Premier Guitar features affiliate links to help support our content. We may earn a commission on any affiliated purchases.

Ode to a Guild Dreadnought

Ode to a Guild Dreadnought

Ted’s D25C has lived a long and creative life, and has the scars to prove it.

How a used Guild D25C became the keys to the cosmos—and a better life in music.

I should probably name my acoustic guitar. After all, my dog Dolly has a name, and while she’s an old pup, I’ve known that guitar much longer. And like Dolly, that Guild D25C I got in the mid-’90s has given me many gifts.

I bought the guitar after borrowing it from a friend’s music store to play some acoustic radio gigs. I’d always felt awkward on acoustic before, but this ’80s Guild was an immediate joy to play, with a very electric-like, thin-profiled neck and a surprisingly even and ringing tone hampered by just a bit of boominess via its dreadnought body. When the radio gigs were over, I paid $400 for it.

I installed a pickup and then beat the hell out of the guitar, playing some acoustic shows, but mostly letting the instrument’s comfort and playability take me down a rabbit hole from which I’ve never fully emerged. You see, at the same time as I got my D25C, I began chasing the blues of North Mississippi Hill Country. And after logging many trips to be at the feet of R.L. Burnside, Jessie Mae Hemphill, Junior Kimbrough, and others, the pull was irresistible. Burnside’s style was especially magnetic, and I found myself drawn to fingerpicking, slide, and open tunings.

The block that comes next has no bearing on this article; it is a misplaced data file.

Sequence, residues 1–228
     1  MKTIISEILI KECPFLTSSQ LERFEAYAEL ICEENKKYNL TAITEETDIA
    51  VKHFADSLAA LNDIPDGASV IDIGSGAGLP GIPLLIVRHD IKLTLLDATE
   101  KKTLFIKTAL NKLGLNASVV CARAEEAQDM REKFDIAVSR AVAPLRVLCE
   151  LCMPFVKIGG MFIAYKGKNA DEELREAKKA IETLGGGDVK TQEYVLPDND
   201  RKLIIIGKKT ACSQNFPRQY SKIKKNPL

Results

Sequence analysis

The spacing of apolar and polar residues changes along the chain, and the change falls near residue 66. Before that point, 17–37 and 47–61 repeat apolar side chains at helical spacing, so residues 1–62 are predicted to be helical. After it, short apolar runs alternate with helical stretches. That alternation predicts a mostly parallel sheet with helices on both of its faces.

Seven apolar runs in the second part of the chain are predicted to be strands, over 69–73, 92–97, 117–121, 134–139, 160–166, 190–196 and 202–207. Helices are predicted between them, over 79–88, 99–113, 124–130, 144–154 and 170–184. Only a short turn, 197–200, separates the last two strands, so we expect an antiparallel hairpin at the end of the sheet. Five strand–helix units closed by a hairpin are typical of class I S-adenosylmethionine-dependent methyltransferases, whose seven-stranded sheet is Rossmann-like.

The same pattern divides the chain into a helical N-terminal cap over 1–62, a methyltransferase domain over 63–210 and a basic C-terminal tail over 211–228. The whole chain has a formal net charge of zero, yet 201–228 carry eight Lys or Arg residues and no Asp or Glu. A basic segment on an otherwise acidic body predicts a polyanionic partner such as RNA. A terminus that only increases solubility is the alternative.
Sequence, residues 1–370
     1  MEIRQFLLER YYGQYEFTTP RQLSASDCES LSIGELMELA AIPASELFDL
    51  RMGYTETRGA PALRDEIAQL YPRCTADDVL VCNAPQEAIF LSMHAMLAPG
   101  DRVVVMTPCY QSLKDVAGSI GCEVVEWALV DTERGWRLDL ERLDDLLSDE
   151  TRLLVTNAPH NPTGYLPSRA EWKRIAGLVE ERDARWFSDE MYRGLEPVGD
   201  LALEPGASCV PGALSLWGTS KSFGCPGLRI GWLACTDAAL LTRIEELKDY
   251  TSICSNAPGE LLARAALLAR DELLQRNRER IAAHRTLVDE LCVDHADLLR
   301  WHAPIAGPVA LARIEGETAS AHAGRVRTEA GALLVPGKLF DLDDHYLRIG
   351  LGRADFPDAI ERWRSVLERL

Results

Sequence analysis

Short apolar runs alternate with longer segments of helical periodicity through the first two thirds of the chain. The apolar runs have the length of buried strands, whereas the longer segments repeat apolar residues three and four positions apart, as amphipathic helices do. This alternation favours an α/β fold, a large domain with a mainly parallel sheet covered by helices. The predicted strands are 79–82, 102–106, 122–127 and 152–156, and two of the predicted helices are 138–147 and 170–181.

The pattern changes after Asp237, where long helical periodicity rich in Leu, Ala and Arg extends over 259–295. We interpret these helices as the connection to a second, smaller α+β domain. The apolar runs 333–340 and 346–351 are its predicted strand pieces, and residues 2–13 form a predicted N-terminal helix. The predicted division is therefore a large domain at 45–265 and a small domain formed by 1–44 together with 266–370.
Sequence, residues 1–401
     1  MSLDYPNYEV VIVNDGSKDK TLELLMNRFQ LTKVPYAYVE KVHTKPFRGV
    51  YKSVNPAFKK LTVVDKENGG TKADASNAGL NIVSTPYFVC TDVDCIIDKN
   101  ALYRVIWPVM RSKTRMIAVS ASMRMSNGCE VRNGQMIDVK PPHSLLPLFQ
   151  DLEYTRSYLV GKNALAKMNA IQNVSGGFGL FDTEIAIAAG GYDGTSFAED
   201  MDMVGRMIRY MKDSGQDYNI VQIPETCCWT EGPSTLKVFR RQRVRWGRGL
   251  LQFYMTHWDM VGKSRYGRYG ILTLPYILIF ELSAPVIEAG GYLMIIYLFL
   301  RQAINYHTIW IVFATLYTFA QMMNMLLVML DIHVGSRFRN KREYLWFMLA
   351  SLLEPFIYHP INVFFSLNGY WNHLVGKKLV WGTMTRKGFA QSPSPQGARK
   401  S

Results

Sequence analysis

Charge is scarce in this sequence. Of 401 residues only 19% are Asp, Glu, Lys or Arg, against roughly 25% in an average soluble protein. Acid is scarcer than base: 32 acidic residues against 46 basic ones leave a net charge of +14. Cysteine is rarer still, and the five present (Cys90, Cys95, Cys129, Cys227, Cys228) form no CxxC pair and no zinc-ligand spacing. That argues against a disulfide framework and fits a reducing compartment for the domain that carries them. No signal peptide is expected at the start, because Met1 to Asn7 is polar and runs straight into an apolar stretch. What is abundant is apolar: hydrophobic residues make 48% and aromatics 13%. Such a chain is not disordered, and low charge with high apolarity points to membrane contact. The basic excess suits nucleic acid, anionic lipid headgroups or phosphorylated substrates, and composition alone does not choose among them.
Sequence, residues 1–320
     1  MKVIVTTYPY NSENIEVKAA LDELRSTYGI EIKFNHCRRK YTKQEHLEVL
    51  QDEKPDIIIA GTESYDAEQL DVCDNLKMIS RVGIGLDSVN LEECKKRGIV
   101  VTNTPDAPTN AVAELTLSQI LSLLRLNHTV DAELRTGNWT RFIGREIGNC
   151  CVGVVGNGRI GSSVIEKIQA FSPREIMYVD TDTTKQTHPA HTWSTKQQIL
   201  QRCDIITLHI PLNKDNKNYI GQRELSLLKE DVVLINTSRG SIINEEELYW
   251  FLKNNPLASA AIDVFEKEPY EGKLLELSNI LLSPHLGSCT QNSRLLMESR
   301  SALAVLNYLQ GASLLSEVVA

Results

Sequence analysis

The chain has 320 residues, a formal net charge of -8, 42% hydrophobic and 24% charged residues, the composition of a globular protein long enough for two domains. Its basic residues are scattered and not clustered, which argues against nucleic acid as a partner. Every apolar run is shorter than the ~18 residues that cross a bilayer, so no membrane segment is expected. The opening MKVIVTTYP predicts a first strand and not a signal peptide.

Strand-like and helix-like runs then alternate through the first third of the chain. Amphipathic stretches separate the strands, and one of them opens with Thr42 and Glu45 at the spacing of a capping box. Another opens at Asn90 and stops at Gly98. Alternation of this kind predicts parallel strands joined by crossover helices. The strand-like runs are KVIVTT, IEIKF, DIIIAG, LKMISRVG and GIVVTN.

The summer shortly after I got the guitar, I began spending a few days a week at the beach with my Guild, slowly developing my own Burnside-inspired idiosyncratic fingerstyle approach—really delving into slide and playing in open D and G. It was slow going, and the Guild received no mercy. Whether I was on the fretboard or in the water, the guitar spent six hours or more of every beach day unprotected from the baking sun and hot sand.

We all encounter instruments that play a special role in our lives. They inspire us to become better songwriters and players, and maybe even better people.

I had gigs and a day job, so my conversion from rock plectrist to blues yeti was slow. It took three summers of beachy Guild abuse until I felt like I could play the style in public. But along the way I did learn some of the intricacies of primal slide and how to control dynamics and be fleet and nuanced with my fingers. I emerged a different player, and the Guild became a different guitar. After all that time in the sun, it felt and sounded lighter and airier, with a brighter, more balanced palette. Despite all the warnings about exposing guitars to punishing elements, it had gotten better, and the instrument continues to reward me with its comfort and tone.

My Guild taught me that a guitar doesn’t have to be a special instrument to be a special instrument. It’s a humble model that many players I know dismiss in favor of pricier or more boutique 6-strings, but because of when it arrived in my life, it became the keys to the kingdom of my playing style—a kind of blind cave fish approach built on archaic blues and my instinct for psychedelia and improvisation.